Project

BALIKA (Bangladeshi Association for Life Skills, Income, and Knowledge for Adolescents)

The Council is evaluating approaches to prevent child marriage and improve life opportunities for girls in rural Bangladesh.

The Issue

Despite significant progress in many gender and reproductive health indicators, two out of three girls in Bangladesh are married before the legal age of 18, according to Demographic and Health Surveys. Most become mothers while they themselves are still children. Early marriage forces girls into sexual relationships for which they are not physically or emotionally ready. It can cause them to drop out of school and limits opportunities for community participation, including employment. Even as adults, women who married early are often at a disadvantage resulting from social isolation, poverty, and poor education.

BALIKA seeks to delay marriage by giving girls skills so that they will be considered assets rather than liabilities by their families and their communities. It tests different approaches to building girls’ resources and will help to determine which interventions are most effective and why.

The Progress

BALIKA is a four-arm randomized trial involving 9,000 girls aged 12–18 at 72 village centers (located in primary schools) within three districts of Bangladesh. Participants in study Arms 1–3 meet regularly with mentors and peers in safe, girl-only locations to receive basic life skills training.

  • Girls in Arm 1 will receive tutoring in mathematics and English (in-school girls) and computing or financial skill training (out-of-school girls).
  • Girls in Arm 2 will receive livelihoods training in computers, mobile phone repair, photography, or conducting financial transactions via mobile phone.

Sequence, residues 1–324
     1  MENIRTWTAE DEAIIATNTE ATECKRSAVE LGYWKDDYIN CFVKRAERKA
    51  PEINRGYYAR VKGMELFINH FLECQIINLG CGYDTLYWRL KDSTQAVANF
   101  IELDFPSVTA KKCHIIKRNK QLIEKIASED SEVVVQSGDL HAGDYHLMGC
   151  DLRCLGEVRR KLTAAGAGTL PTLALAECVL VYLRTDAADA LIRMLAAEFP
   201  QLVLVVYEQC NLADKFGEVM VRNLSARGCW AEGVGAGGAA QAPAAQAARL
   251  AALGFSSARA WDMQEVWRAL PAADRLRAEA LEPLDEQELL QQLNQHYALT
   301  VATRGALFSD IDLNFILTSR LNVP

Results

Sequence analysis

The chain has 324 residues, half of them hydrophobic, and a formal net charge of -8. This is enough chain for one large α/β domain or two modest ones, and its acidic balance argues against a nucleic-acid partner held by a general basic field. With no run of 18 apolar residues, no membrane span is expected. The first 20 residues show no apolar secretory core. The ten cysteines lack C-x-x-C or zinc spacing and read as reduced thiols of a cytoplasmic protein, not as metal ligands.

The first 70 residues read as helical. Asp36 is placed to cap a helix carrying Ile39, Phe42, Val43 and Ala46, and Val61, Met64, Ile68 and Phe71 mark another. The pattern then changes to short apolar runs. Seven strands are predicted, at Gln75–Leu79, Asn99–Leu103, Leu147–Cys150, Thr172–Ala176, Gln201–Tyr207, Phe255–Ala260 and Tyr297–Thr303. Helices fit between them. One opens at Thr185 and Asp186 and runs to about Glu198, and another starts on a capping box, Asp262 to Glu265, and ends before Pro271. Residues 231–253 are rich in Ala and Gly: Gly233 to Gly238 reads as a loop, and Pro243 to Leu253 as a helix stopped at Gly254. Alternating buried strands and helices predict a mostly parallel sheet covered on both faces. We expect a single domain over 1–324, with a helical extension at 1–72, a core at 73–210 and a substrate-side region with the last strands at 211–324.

• Girls in Arm 3 will receive life skills training, including information about gender rights and negotiation, critical thinking, and decisionmaking skills.
  • Girls in Arm 4 will be a control group with no services. A control arm is necessary because we cannot be sure that any of the three experimental arms of the study will offer girls any benefit compared to receiving no services.

To measure the impact of each package in relation to the others and to the control group, a baseline survey was conducted before the program was implemented, and an endline survey will be conducted after the program has been in place for 18 months.

The Impact

BALIKA is expected to report results in 2016. The primary outcome to be measured is the number of girls who marry before age 18. The Council anticipates that the broad benefits of the services offered by the program will also extend beyond the girls directly participating, to reach those who are a few years older or younger.

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